-the West was called to this for vaious reasons, such as need for materials in industrial growth, racial superioirity, show of strength and power, etc.
    -these relations between Western powers and their colonies will carry along many tensions and problems later in the future
  • The Birth of Modern Feminism and Actions Suppressing It

    -in these new directions of feminism, women have tried to become a more active part of society, but common belief still hasn't changed, and their status remains inferior
    -women such as Virginia Woolf called for an end to inequality between men and women through writing and other effective ways of communication
    -it is not until the early 1900s that universal suffrage comes for women, opening more doors for female involvement in a previously male-dominated Europe
  • Anti-Semitism and Zionism

    Anti-Semitism and Zionism
    -Jewish history in Europe had not always been welcoming or humane, and moving in the 1900s, anti-Semitism was on the rise
    -in response to this surge of hatred, a man named Theodore Herzl, called for the establishment of a separate Jewish state where the people can be protected
    -this idea is coined Zionism, and it has brought great international conflict, even to this day
  • Socialism Evolves

    -after the establishment of Marxism, it was only a matter of time for new and debatable ideologies to be spawned from it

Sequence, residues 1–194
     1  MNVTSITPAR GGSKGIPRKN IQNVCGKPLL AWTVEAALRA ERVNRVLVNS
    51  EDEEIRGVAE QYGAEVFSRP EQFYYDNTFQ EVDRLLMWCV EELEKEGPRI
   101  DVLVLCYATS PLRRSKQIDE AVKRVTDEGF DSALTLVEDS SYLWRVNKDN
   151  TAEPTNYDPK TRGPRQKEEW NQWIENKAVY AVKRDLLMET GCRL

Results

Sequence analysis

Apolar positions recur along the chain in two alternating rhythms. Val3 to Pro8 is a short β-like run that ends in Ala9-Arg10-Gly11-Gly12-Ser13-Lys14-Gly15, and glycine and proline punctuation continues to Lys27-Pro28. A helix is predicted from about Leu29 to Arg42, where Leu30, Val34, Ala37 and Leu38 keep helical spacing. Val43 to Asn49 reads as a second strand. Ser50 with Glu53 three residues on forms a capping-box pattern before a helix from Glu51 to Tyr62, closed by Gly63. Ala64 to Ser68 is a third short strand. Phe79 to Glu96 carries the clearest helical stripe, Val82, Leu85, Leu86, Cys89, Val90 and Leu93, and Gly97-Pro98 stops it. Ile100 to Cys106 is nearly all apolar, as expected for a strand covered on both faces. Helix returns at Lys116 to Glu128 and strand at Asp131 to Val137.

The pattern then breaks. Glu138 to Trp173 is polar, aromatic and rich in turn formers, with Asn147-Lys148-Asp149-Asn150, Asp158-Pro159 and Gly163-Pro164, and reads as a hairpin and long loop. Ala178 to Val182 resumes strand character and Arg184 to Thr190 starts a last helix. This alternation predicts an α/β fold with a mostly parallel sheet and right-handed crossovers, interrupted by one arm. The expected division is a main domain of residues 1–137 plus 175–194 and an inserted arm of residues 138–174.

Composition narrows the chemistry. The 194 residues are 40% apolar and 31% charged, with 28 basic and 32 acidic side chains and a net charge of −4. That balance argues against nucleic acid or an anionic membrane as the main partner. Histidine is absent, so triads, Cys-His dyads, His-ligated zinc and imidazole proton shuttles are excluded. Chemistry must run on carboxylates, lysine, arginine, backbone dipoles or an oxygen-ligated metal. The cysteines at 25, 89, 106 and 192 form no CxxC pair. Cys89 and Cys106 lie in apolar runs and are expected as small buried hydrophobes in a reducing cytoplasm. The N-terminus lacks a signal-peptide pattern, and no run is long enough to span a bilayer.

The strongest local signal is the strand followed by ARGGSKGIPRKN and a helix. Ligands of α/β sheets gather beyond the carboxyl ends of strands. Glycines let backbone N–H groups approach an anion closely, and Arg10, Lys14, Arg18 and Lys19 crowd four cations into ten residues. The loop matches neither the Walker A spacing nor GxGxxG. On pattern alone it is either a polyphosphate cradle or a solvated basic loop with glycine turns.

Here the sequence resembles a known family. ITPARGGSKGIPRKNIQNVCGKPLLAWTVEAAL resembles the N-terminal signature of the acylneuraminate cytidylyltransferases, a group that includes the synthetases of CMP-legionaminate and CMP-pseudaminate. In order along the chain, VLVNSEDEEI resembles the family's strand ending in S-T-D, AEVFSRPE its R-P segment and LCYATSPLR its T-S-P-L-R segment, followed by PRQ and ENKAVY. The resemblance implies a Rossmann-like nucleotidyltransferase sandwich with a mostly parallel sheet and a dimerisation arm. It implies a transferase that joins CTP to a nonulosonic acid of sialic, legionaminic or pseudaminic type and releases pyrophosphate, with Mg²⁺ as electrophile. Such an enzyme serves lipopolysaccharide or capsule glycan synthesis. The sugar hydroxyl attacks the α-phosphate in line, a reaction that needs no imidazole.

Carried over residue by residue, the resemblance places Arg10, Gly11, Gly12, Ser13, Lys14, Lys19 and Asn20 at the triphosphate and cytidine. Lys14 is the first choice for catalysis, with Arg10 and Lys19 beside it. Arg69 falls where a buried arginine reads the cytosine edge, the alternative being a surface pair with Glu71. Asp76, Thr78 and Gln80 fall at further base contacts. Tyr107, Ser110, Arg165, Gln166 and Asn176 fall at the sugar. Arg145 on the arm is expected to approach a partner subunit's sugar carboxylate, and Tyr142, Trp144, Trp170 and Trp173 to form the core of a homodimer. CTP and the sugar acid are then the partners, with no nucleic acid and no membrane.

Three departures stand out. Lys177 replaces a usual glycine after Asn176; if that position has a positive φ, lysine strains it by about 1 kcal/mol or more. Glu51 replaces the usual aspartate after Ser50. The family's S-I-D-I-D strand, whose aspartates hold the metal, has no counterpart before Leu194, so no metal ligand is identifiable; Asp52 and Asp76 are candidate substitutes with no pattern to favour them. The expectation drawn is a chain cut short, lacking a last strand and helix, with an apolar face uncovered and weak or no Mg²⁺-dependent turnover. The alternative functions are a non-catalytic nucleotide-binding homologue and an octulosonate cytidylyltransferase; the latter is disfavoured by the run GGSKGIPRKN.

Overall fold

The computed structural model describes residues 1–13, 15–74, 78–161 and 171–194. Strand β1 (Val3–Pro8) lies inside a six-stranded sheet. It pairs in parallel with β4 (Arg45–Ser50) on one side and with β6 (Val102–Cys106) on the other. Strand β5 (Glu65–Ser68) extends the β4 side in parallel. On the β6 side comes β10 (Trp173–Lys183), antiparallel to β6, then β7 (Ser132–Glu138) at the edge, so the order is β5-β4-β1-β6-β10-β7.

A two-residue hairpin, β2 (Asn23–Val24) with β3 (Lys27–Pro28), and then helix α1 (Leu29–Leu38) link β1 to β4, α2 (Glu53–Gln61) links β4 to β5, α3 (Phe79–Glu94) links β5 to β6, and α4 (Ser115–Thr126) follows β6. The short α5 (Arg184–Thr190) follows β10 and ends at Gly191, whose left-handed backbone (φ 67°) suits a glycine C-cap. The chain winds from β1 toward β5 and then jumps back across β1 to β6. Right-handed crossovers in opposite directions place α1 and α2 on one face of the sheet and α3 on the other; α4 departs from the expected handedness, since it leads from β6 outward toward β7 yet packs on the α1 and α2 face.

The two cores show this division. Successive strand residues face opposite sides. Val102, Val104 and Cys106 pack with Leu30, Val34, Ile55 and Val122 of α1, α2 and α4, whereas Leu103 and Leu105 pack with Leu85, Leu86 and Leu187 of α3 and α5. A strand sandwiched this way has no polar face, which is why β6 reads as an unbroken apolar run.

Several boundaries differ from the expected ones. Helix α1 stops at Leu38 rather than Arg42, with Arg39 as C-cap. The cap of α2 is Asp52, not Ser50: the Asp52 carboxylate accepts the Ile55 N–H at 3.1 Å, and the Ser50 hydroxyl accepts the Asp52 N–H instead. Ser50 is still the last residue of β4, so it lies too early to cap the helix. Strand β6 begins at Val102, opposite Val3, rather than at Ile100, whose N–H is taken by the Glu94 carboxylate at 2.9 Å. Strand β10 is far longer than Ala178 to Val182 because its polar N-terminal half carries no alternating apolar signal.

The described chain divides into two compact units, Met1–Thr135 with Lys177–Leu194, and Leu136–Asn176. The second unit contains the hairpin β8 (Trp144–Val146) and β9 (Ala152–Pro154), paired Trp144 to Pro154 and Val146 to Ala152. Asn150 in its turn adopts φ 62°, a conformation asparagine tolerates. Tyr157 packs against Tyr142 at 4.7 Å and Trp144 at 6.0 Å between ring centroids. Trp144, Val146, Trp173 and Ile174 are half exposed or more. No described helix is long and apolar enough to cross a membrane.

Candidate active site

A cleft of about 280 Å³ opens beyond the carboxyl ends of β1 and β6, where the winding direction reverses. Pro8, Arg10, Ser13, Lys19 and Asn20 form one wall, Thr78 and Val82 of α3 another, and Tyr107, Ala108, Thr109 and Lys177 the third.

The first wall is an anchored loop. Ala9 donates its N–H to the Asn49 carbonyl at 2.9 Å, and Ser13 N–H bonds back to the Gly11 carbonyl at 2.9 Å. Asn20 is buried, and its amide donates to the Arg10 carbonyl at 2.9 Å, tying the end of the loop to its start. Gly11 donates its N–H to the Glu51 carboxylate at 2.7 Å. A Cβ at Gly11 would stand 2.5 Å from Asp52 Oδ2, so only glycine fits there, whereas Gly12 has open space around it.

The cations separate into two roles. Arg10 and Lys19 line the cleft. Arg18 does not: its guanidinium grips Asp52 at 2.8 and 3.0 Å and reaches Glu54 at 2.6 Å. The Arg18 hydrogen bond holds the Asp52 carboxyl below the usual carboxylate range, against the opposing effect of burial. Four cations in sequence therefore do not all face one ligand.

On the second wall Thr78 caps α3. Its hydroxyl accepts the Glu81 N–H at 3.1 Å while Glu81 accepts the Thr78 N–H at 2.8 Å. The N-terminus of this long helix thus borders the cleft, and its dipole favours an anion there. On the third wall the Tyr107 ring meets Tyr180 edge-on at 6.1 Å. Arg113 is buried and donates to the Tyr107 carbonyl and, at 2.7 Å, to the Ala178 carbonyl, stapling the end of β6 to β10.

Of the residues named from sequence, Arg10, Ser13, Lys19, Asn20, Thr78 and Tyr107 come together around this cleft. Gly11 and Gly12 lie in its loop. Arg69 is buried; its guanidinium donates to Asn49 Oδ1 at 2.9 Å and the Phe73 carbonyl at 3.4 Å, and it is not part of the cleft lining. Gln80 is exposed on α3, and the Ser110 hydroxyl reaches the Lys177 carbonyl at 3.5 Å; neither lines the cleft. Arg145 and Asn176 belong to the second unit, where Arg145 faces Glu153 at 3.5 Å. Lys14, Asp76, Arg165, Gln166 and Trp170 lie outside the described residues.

-revisionism: achieving a humane socialist society through the evolution of democratic institutions, not revolution
    -opportunism and fabianism also cosidered in Europe as social continues to gain momentum
  • Bolshevism Enters the Battlefield

    -as Russia develops, so does their social exploration, and Lenin emerges as a clear leader
    -Lenin establishes and leads the marjority party, the Bolsheviks, under the influence of Marxism, however they differed on many of socialist goals
    -later in time, it becomes the Communist Party of the Soviet Union after the Russian Revolution; this proves the lasting effect of Marxism
  • Communism's Origins

    Communism's Origins
    -though it has various ideologies, communist roots are in Marxism
    -socialist philosophy states that if workers take over capitalist aims, utopia will ensue
    -still has direct effects connected to diplomatic relations today
  • A "Revised" Italy: Facism Comes to Power

    -fascism does not have a concrete meaning, but it can be described as antidemocratic, anti-Marxist, antiparliamentary, and frequently anti-Semitic
    -was created from the fears of bolshevism through Western Europe
    -Benito Mussolini appointed to prime minister, he soon becomes the authoritarian dictator, and the fascists came to power
  • The Appeal and Pitfalls of Nazism

    The Appeal and Pitfalls of Nazism
    -at the time, nationalism intensified as Germany looked to a new regime, one that would bring prosperity and pride back to Germany under Hitler
    -in the beginning, Adolf Hitler revived Germany's economy and soon implemented the ideals he wrote about to establish Nazism
    -Nazism is characterized by intense nationalism, anti-Semitism, sacrificing personal lives for the good of the state, and a totalitarian government
  • Existentialism: A Rebirth in the 1950s and 1960s

    -a resurgence in this belief, that there is ultimately no meaning or purpose to the world, occured in the mid-1900s
    -products of rational technology in WWII might have caused this questioning of rationalism
    -human beings should come up with their own ethical values, and can not follow a traditional religion